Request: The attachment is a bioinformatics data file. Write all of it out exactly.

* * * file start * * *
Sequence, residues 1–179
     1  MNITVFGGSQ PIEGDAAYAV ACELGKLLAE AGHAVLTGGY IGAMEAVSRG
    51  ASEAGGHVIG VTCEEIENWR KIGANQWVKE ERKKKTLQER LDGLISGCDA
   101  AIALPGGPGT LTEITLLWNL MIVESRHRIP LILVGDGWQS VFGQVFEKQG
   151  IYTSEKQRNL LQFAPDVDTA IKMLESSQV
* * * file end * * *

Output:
Sequence, residues 1–179
     1  MNITVFGGSQ PIEGDAAYAV ACELGKLLAE AGHAVLTGGY IGAMEAVSRG
    51  ASEAGGHVIG VTCEEIENWR KIGANQWVKE ERKKKTLQER LDGLISGCDA
   101  AIALPGGPGT LTEITLLWNL MIVESRHRIP LILVGDGWQS VFGQVFEKQG
   151  IYTSEKQRNL LQFAPDVDTA IKMLESSQV